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Influence of Bisphenol A on Thyroid Volume and Structure Independent of Iodine in School Children

  • Na Wang,

    Affiliation Department of Epidemiology, School of Public Health, Key Laboratory of Public Health Safety of Ministry of Education, Fudan University, Shanghai, China

  • Ying Zhou,

    Affiliation Department of Epidemiology, School of Public Health, Key Laboratory of Public Health Safety of Ministry of Education, Fudan University, Shanghai, China

  • Chaowei Fu,

    Affiliation Department of Epidemiology, School of Public Health, Key Laboratory of Public Health Safety of Ministry of Education, Fudan University, Shanghai, China

  • Hexing Wang,

    Affiliation Department of Epidemiology, School of Public Health, Key Laboratory of Public Health Safety of Ministry of Education, Fudan University, Shanghai, China

  • Peixin Huang,

    Affiliation Department of Chronic Disease Control and Prevention, Haimen City Center for Disease Control and Prevention, Haimen, China

  • Bin Wang,

    Affiliation Department of Epidemiology, School of Public Health, Key Laboratory of Public Health Safety of Ministry of Education, Fudan University, Shanghai, China

  • Meifang Su,

    Affiliation Department of Chronic Disease Control and Prevention, Yuhuan County Center of Disease Control and Prevention, Taizhou, China

  • Feng Jiang,

    Affiliation Department of Epidemiology, School of Public Health, Key Laboratory of Public Health Safety of Ministry of Education, Fudan University, Shanghai, China

  • Hong Fang,

    Affiliation Department of Chronic Disease Control and Prevention, Shanghai Minhang Center for Disease Control and Prevention, Shanghai, China

  • Qi Zhao ,

    zhaoqi@shmu.edu.cn

    Affiliation Department of Epidemiology, School of Public Health, Key Laboratory of Public Health Safety of Ministry of Education, Fudan University, Shanghai, China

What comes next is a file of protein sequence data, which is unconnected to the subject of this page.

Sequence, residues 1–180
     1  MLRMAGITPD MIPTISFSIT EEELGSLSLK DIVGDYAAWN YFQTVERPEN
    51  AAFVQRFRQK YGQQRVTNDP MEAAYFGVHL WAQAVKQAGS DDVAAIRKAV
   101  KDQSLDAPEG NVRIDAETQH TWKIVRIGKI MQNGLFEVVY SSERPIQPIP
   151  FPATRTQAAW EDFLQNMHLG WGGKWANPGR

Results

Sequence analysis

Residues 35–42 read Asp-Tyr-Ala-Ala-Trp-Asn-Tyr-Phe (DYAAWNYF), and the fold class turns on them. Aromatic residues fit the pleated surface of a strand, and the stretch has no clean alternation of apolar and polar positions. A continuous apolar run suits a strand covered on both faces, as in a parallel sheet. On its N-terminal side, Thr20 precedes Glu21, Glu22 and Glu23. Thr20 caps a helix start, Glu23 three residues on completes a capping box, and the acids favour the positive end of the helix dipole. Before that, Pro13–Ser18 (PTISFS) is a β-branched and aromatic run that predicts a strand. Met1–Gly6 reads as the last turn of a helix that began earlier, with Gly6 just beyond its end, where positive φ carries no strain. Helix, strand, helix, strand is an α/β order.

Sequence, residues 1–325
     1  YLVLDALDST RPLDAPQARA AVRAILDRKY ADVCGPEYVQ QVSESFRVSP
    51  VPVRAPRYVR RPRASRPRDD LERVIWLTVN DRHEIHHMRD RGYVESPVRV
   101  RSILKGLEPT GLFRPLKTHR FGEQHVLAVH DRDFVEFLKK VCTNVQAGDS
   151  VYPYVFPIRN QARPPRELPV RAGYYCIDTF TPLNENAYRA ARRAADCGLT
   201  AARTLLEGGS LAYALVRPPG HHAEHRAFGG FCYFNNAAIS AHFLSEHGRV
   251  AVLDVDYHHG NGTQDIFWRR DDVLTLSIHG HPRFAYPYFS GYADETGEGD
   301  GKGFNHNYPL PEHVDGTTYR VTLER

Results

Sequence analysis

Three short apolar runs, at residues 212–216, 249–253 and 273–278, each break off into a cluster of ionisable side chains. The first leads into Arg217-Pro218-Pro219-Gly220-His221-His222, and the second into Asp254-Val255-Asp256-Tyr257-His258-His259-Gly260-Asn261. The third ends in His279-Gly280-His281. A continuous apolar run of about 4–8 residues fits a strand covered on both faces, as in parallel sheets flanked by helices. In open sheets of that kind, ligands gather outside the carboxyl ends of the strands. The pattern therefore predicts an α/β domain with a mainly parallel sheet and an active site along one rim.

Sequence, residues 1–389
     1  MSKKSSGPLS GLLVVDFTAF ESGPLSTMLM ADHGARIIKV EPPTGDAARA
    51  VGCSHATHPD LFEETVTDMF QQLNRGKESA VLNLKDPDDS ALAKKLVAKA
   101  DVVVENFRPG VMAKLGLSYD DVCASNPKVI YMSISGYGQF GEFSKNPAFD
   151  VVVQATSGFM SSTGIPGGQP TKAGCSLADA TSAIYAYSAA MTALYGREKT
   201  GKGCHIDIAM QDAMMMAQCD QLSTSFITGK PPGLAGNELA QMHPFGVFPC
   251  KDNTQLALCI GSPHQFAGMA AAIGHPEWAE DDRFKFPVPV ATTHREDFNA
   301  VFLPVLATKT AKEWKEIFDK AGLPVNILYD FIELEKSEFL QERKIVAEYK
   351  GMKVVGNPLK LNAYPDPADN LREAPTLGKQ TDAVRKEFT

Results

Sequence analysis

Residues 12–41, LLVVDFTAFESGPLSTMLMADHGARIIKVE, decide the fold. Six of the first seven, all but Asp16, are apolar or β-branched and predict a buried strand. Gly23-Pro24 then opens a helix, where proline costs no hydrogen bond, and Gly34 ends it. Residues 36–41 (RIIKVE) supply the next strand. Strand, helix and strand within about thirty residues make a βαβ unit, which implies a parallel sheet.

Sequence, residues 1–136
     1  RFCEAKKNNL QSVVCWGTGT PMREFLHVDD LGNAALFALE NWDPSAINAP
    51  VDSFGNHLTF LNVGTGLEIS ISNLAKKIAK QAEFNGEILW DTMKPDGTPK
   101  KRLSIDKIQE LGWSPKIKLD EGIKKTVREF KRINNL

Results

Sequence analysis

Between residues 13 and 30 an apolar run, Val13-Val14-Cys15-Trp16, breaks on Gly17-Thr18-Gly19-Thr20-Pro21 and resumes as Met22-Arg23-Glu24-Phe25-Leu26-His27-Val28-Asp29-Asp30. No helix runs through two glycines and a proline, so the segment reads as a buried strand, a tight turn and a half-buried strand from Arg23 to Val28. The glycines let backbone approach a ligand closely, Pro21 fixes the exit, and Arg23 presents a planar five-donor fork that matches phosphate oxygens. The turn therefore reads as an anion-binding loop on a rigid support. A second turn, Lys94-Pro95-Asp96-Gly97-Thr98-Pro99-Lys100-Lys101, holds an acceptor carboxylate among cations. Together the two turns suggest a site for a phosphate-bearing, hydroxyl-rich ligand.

• Yue Chen,

    Affiliation School of Epidemiology, Public Health and Preventive Medicine, Faculty of Medicine, University of Ottawa, Ottawa, Canada

  • Qingwu Jiang

    Affiliation Department of Epidemiology, School of Public Health, Key Laboratory of Public Health Safety of Ministry of Education, Fudan University, Shanghai, China

Influence of Bisphenol A on Thyroid Volume and Structure Independent of Iodine in School Children

  • Na Wang, 
  • Ying Zhou, 
  • Chaowei Fu, 
  • Hexing Wang, 
  • Peixin Huang, 
  • Bin Wang, 
  • Meifang Su, 
  • Feng Jiang, 
  • Hong Fang, 
  • Qi Zhao
PLOS
x

Abstract

Background

Although several studies have evaluated the relationship between bisphenol A (BPA) and thyroid functions, their results are not entirely consistent. Little is known about BPA in relation to thyroid volume and structure.

Methods

We examined the association of BPA with thyroid volume and thyroid nodules using data from 718 Chinese children living in the East Coast of China in 2012. First morning urine samples were collected for the determination of urinary BPA, creatinine, and urinary iodine concentrations (UIC). Thyroid volume (TV) and nodules were assessed by thyroid ultrasonography.

Results

The median of TV was 3.14ml. 459(63.9%) children took iodized salt at home and the median of UIC was 159μg/l. BPA was detected in 99.9% of the urine samples and the medians for boys and girls were 2.64 and 2.35μg/g creatinine, respectively. Of all participants 14.0% had thyroid nodules. Urinary BPA concentration was inversely associated with thyroid volume (β = -0.033, 95% CI: -0.053, -0.013) and the risk for multiple nodules (OR = 0.78; 95% CI: 0.63, 0.97). The associations above were similar for children who consumed iodized salt and those consumed non-iodized salt.

Conclusions

The data suggest that BPA may be one of the influencing factors for TV and thyroid nodules and its effects are independent of iodine nutrition status in children.

Introduction

Thyroid volume (TV) is usually measured to evaluate the goiter status and then to assess the degree of iodine deficiency in a population [1]. The influencing factors of TV in children include age, sex, body surface area (BSA), pubertal stage, and iodine nutritional status [24]. In addition to iodine nutrition status, other chemicals could also contribute to the development of non-toxic diffuse goiter [5]. Recent epidemiological studies have suggested that Bisphenol A (BPA) disrupts thyroid function in adults [69]. BPA is one of the highest production and consumption volume chemicals in the world [8]. Studies from different countries and areas have demonstrated the presence of urinary BPA in more than 90% of their study populations, suggesting a common exposure to BPA worldwide [7, 1011]. Exposure to BPA is prevalent among children and adolescents [10], who may be more sensitive to its adverse effects including the effect on thyroid function.

The endocrine-disrupting effect of BPA might contribute to numerous complex outcomes including diabetes [12], obesity [1315], and some other medical disorders [16] such as cognitive and behavioral disorders [1719]. BPA and other environmental disrupting chemicals (EDCs) may influence the levels of thyroid and steroid hormones and result in increased risks of obesity and some other chronic conditions [20].